1. Consider buying them--ethically!Book reviews from vetted critics are not exactly the kind of things you just happen upon. Most of the time, indie authors have to pay for such reviews. However, when it comes to the price tag, there’s a wide range. For instance, an editorial review from a trade magazine like Kirkus Reviews will cost you $425. An editorial review from trade mag Publishers Weekly costs $399 (if you’re a self-published author, you’ll need to submit through their Booklife platform). Or you can seek out a more cost-friendly review from a platform like Reedsy Discovery, which charges $50 per submission. 😊 Whichever option you choose, a review from an established magazine or service is a great investment, and can be used in your Amazon listing or website to give your book a boost of credibility.
2. Don’t forget the power of word of mouthOne marketing tip indie authors are more commonly turning to is to include a message at the back of your book, encouraging readers to head to your Amazon page and leave a review. You should make sure not to be too pushy in your approach, and to include this ask in the back matter of your book — not the body. You don’t want to bombard readers with review requests before they’ve even had time to fully process the end of your book.
3. Run a giveawayYou can’t pay a reviewer to give your book a positive review. This kind of exchange isn’t allowed on Amazon, and they do their best to ensure the review sections of books are as transparent as possible. That being said, running a free book promotion or giveaway is an excellent way to get copies of your books into the hands of many different readers who then might be prompted to leave a positive (or negative — it’s part and parcel of becoming a published author!) review of their own volition. To run a free book promotion on Amazon, you will need to be enrolled in KDP Select — a program in which authors grant Amazon exclusive rights to sell their book in exchange for access to a number of marketing tools. You can learn more about KDP Select and whether it’s right for you here! Another option is to run a giveaway using one of the many platforms that allow you to do this — such as Goodreads or Instafreebie. According to Indiereader, “more than 40,000 readers enter a giveaway every single day.” Chances are a large portion of those readers are also happy to leave reviews on books they enjoy!
4. Turn to book bloggersThere are tons of book bloggers out there who accept submissions from indie authors. In fact, at Reedsy, we have a directory of over 200 of them. When it comes to seeking reviews, not all book blogs are created equal. Some will be much more likely to review your book than others. So whether you’re consulting a list or scouting them out on your own, you should do your research to determine what blogs are best for you. Here are a few things to keep in mind while you do so:
- Are they currently accepting submissions? If not, the answer is easy: on to the next!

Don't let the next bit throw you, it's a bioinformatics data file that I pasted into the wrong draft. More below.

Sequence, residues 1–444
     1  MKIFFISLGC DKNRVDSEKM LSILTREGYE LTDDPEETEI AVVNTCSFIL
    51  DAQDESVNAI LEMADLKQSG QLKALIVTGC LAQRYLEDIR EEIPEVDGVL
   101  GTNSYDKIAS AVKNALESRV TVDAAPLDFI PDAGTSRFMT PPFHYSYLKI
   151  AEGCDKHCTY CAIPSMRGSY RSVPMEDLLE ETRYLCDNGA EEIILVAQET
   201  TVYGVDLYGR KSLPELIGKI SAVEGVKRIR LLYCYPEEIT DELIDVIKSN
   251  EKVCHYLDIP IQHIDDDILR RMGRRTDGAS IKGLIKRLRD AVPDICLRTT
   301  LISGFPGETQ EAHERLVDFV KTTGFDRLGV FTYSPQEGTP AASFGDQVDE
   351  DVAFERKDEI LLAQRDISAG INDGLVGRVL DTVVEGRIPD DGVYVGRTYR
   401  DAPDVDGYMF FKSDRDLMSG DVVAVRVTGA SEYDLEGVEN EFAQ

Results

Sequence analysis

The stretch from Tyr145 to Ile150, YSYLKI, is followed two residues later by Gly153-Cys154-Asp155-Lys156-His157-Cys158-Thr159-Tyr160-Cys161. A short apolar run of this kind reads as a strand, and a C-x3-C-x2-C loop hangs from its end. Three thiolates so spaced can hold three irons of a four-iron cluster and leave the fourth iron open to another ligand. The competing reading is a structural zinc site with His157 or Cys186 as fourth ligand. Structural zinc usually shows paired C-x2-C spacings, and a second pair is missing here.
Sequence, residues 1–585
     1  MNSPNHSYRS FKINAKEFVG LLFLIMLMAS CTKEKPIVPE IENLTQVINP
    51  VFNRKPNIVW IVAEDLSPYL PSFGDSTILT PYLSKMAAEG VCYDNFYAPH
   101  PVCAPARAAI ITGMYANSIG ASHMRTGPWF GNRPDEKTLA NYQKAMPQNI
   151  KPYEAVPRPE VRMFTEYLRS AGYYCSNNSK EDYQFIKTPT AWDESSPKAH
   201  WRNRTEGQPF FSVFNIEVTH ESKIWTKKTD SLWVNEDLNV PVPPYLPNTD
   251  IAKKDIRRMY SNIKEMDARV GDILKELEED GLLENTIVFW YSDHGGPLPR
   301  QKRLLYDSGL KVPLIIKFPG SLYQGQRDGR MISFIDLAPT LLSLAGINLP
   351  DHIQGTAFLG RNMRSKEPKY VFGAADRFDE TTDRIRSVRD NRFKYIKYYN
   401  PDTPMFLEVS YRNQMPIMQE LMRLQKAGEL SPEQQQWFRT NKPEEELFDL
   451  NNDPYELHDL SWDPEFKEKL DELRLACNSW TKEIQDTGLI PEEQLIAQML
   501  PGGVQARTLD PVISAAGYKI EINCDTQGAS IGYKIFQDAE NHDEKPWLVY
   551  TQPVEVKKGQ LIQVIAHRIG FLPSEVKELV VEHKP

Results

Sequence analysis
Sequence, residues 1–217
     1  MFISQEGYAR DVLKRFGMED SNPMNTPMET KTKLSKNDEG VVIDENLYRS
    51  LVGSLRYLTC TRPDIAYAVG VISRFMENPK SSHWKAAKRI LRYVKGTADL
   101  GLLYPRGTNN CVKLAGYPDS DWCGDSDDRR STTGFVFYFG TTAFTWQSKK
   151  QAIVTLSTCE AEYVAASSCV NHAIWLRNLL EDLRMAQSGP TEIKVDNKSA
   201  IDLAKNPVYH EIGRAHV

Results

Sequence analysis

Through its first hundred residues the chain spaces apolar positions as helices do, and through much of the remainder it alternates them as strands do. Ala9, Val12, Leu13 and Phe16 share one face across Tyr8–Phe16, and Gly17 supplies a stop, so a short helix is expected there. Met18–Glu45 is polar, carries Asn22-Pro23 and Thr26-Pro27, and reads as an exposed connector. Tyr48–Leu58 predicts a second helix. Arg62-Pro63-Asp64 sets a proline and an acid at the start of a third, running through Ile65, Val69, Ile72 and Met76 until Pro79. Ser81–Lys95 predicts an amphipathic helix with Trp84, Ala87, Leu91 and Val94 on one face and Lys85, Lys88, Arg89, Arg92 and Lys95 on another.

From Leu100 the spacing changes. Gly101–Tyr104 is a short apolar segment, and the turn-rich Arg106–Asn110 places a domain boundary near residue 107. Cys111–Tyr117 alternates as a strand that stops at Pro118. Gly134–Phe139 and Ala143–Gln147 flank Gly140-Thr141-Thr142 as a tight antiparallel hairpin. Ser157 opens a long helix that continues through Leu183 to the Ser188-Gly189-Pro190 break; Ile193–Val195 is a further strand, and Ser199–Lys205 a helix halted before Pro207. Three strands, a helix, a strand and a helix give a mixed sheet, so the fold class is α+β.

- Do they cover your genre? It’s a waste of both your and the blogger’s time to pitch a book that’s outside the genres they focus on. Book bloggers rely on dedicated fans and often specialize in one or two specific genres. If their niche is reviewing romance novels, the chances that they will throw science fiction into the mix is low — because it’s clearly not their realm of expertise, and they won’t want to throw off their readers.
- How active are they? If they haven’t posted since 2003… you can safely refer to the first bullet point. That being said, you also don’t want to work hard to get featured on a blog that posts so often that your review ends up being a needle in a haystack. If a book blogger is posting once or twice a week, that shows consistency and the chance for each of their reviews to have their fair moment in the sun.
- How big is their following? The more the merrier, right? Well, yes and no. It’s certainly not a bad thing to score a review on a blog that gets tons of traffic. But that doesn’t mean you should turn your nose up at blogs with smaller followings — as sometimes those smaller blogs come with a tight-knit sense of community and trust.
5. Capitalize on the reviews you’ve already receivedHere’s the thing about book reviews: they often feel like a catch-22. You need readers to score reviews — but it’s tough to get readers without reviews. So when positive feedback does start to roll in, use it to get even more! Here are a few suggestions for doing just that:
- Add a review excerpt to your book’s synopsis on all of your different book and sales pages — Amazon, Goodreads, everywhere. Ideally, the excerpt will be from an editorial review. But hey, you’ve got to work with what you’ve got, so if you haven’t scored one of those yet, use a shining reader review.
- Add positive reviews to your author website.
- Add a very concise and effusive line to your book cover — in this case, it should really come from an editorial review.
- Share positive reviews on social media.
- Include lines from positive reviews in any promotional material you create.
- If you’re querying an agent, you know the drill: reference a positive review!